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Supreme Court, Appellate Division, Second Department, New York.

Beth Gitlitz AMIEL, Respondent, v. Michel AMIEL, Appellant.

Decided: May 27, 1997

Before MILLER, J.P., and RITTER, JOY and KRAUSMAN, JJ. Arnold W. Blatt, New City, for appellant.

In an action for a divorce and ancillary relief, the defendant appeals from a judgment of the Supreme Court, Rockland County (Weiner, J.), dated March 8, 1996, which, inter alia, after a nonjury trial, dismissed his counterclaim seeking to set aside the parties' separation agreement.

ORDERED that the judgment is affirmed, without costs or disbursements.

The Supreme Court properly dismissed the husband's counterclaim seeking to set aside the parties' separation agreement as the product of fraud and overreaching.   The husband expressly acknowledged in the separation agreement that the wife was represented by counsel, that he was unrepresented by counsel, that he fully and completely understood the terms of the agreement, and that all of the agreement's terms were fair, just, and reasonable.   Moreover, Article 23 of the separation agreement, entitled “Entire Understanding”, states in pertinent part:  “EACH OF THE PARTIES REPRESENTS AND WARRANTS THAT THEY HAVE CAREFULLY READ THIS AGREEMENT AND EACH AND EVERY PAGE THEREOF * * * PRIOR TO THE INITIALING OF EACH AND EVERY PAGE * * * AND THE SIGNING THEREOF” (emphasis in original).   The record also reveals that prior to the execution of the agreement, the parties met twice with the wife's attorney.   The attorney testified that he fairly advised both parties of all relevant issues, including child support;  informed the husband that only the wife was being represented by counsel;  and notified the husband that he was unrepresented and was entitled to an attorney.   While the husband challenged the attorney's testimony, it is well settled that issues of credibility are primarily to be determined by the trier of fact (here, the court), as it had the opportunity to view the witnesses, hear their testimony, and observe their demeanor (see, Yasparro v. Yasparro, 207 A.D.2d 445, 446, 615 N.Y.S.2d 753).   Inasmuch as we cannot say that the trial court's factual findings are unsupported by the record, we decline to disturb them on appeal (see, Levine v. Levine, 56 N.Y.2d 42, 47, 451 N.Y.S.2d 26, 436 N.E.2d 476;  Christian v. Christian, 42 N.Y.2d 63, 73, 396 N.Y.S.2d 817, 365 N.E.2d 849).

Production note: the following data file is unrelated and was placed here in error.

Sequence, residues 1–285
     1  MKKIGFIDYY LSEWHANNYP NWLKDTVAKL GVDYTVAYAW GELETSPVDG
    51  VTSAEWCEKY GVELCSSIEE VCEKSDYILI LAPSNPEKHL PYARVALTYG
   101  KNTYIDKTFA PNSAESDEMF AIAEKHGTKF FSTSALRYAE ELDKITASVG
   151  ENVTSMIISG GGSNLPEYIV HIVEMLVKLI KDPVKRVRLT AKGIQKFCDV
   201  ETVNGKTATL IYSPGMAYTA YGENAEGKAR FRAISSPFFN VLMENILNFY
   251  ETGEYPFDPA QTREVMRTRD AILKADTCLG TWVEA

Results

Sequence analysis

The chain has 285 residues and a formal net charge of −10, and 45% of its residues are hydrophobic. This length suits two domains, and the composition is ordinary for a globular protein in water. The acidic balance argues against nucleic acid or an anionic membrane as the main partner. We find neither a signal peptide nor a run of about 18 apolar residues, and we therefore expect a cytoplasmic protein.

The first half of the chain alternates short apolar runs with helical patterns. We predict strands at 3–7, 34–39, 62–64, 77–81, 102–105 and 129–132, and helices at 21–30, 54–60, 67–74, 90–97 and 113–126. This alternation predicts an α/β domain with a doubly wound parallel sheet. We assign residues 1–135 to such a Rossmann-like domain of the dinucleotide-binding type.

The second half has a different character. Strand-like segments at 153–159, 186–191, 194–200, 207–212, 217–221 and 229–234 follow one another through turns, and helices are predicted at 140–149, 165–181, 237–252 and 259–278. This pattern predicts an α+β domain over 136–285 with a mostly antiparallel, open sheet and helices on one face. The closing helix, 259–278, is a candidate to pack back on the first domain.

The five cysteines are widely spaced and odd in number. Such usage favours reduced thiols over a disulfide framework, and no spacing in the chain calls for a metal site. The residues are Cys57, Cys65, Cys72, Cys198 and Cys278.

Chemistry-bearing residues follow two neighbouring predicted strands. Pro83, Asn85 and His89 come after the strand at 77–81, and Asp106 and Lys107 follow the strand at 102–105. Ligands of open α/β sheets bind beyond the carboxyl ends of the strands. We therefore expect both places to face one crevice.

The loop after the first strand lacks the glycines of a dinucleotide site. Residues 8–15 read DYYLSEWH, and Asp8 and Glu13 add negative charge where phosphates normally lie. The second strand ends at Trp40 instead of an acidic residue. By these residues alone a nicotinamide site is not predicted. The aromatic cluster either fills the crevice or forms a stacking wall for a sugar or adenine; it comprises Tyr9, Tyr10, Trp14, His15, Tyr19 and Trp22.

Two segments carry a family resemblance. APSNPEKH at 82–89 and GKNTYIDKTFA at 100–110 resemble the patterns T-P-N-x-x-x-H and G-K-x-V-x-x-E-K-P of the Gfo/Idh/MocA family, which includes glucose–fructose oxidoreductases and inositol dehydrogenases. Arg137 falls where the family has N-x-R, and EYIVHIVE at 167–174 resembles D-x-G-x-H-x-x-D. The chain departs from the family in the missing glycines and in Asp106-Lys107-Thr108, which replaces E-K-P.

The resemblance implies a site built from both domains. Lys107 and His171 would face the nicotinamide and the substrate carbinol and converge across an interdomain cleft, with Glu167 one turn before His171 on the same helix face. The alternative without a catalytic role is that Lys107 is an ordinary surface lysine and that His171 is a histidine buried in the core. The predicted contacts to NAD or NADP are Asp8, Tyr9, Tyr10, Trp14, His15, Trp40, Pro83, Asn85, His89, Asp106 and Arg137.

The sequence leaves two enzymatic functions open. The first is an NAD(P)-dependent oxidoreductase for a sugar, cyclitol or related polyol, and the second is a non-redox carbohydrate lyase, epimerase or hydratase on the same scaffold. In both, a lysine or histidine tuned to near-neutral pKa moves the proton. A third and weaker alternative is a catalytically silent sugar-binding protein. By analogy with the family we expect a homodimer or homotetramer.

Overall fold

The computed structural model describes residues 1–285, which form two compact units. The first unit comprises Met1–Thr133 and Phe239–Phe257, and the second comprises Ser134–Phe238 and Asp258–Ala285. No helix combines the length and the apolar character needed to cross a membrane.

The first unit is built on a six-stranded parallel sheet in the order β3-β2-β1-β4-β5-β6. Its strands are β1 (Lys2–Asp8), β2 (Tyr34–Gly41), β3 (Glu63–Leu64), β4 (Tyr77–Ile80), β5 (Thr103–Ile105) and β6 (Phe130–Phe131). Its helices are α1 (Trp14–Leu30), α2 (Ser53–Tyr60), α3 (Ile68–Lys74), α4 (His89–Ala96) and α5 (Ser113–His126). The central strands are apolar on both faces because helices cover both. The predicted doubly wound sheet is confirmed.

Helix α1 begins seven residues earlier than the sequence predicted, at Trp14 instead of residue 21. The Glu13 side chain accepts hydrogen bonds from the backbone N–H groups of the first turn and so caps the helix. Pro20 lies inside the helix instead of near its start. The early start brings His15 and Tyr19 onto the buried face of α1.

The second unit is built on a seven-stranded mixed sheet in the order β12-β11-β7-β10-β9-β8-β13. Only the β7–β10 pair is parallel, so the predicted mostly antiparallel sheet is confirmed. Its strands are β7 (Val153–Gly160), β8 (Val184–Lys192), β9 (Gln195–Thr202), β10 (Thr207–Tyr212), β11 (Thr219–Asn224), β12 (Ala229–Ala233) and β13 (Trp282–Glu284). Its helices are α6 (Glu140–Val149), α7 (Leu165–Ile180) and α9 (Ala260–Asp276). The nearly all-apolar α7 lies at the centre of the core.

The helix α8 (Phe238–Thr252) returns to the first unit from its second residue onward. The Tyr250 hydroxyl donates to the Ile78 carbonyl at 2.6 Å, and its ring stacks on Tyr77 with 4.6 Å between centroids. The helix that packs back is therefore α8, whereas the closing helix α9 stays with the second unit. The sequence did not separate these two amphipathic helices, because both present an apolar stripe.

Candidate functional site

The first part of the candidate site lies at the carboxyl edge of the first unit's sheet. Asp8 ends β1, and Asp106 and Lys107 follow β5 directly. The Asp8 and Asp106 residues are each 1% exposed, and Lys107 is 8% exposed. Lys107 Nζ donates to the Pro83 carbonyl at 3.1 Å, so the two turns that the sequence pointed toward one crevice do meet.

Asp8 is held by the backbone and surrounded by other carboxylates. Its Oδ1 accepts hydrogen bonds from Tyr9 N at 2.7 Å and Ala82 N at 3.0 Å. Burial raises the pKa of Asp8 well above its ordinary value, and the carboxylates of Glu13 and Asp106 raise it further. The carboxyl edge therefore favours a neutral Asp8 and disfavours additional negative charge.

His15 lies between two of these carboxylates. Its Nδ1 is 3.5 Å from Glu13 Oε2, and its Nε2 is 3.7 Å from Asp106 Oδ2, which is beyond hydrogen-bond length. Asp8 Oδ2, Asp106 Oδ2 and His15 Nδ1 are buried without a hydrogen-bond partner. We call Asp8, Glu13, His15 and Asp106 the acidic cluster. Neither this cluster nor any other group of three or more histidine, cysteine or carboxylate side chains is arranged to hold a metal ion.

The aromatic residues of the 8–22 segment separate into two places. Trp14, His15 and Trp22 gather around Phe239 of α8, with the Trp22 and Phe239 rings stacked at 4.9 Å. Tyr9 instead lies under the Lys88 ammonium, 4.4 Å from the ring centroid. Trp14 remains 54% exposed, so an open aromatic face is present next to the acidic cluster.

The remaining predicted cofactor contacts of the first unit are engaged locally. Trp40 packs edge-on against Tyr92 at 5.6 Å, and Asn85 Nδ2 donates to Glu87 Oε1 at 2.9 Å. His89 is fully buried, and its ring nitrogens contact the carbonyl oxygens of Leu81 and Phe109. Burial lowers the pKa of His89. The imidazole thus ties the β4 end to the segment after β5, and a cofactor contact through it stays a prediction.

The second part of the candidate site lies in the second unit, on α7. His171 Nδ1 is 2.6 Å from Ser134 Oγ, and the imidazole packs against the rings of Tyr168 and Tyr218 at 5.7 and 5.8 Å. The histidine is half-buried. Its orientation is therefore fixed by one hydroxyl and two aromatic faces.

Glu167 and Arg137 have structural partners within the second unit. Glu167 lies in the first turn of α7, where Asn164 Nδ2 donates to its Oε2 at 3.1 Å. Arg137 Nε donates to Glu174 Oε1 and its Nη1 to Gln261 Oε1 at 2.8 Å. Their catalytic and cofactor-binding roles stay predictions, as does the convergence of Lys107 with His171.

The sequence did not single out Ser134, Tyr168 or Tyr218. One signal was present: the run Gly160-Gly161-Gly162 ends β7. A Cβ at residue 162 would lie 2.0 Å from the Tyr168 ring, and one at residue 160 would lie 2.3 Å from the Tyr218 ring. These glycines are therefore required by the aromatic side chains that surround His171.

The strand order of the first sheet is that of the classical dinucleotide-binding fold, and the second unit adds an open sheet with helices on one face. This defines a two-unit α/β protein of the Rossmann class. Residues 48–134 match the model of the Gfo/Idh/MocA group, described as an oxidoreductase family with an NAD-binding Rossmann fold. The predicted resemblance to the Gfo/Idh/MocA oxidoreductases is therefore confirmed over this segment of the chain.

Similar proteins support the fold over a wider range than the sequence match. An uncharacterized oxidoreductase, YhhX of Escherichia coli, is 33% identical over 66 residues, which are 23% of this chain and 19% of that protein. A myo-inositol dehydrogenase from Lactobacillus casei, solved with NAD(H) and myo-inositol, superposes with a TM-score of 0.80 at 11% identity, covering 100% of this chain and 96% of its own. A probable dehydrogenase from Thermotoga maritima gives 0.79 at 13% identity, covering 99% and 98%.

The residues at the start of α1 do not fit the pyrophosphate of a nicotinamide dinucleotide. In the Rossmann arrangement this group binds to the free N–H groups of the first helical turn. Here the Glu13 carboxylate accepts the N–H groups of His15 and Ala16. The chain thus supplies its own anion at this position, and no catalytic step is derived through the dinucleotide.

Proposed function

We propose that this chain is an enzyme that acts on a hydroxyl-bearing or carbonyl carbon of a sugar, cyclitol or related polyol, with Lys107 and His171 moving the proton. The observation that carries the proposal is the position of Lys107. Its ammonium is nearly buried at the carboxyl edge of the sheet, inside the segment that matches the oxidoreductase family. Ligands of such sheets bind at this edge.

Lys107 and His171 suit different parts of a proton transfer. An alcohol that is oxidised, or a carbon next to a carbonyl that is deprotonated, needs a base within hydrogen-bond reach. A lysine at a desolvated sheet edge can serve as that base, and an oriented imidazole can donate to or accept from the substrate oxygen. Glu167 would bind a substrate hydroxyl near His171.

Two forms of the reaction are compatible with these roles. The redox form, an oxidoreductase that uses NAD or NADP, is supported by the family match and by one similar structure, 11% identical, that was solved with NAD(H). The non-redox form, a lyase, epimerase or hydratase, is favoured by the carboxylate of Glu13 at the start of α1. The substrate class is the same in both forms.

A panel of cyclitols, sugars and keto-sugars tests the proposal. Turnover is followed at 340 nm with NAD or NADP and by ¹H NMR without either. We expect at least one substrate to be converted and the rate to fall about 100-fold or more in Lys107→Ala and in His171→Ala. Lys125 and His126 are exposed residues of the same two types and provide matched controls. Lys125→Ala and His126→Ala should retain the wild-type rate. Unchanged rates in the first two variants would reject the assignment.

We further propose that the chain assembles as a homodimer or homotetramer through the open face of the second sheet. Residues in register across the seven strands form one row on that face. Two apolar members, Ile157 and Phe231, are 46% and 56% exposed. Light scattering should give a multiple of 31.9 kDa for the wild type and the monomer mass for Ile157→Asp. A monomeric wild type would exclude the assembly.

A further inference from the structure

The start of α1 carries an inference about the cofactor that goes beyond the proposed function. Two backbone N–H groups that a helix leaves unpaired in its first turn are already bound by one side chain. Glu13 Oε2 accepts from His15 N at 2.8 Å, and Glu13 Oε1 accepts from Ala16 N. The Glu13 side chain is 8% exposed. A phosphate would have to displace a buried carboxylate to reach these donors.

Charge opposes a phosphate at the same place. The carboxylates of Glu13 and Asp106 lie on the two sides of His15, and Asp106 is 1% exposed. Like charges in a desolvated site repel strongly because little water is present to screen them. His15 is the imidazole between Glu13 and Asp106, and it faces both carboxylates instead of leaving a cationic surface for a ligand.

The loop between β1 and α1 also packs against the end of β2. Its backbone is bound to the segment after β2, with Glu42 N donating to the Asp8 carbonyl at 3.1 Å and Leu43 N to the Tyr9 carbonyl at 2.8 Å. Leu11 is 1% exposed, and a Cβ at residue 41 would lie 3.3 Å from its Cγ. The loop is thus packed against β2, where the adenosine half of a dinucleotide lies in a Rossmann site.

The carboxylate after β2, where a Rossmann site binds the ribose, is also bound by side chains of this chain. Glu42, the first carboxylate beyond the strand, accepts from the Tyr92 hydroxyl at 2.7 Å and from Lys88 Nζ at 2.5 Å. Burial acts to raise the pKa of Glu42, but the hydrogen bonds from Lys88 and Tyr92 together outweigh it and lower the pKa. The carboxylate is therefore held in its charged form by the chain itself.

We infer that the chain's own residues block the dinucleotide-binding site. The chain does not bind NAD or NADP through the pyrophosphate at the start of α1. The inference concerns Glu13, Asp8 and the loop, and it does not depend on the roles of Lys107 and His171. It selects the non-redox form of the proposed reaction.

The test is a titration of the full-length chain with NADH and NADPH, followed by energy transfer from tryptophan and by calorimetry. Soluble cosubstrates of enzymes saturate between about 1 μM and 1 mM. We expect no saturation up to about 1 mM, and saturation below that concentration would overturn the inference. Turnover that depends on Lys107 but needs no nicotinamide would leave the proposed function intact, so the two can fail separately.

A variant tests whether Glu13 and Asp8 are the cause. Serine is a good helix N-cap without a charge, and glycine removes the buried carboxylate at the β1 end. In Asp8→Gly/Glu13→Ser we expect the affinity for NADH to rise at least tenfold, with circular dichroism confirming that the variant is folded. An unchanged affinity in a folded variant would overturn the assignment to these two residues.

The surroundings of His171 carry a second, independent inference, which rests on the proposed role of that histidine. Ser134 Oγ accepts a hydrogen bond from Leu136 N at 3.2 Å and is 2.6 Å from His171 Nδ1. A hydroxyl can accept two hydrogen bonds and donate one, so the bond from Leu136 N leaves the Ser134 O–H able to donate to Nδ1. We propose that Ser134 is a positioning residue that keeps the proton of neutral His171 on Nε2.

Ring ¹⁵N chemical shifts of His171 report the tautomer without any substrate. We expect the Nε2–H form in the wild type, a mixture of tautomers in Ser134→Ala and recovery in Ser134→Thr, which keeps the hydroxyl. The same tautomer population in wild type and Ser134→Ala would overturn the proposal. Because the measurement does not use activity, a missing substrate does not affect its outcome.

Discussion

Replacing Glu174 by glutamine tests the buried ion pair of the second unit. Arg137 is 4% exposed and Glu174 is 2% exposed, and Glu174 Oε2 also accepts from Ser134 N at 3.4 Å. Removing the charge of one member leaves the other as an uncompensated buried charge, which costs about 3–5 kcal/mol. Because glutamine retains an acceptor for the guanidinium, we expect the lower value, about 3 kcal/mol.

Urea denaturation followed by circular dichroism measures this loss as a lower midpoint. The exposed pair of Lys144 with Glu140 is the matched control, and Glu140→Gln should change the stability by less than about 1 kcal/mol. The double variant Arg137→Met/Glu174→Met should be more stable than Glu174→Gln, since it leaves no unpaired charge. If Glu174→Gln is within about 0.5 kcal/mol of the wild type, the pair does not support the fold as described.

The husband's remaining contentions are without merit.


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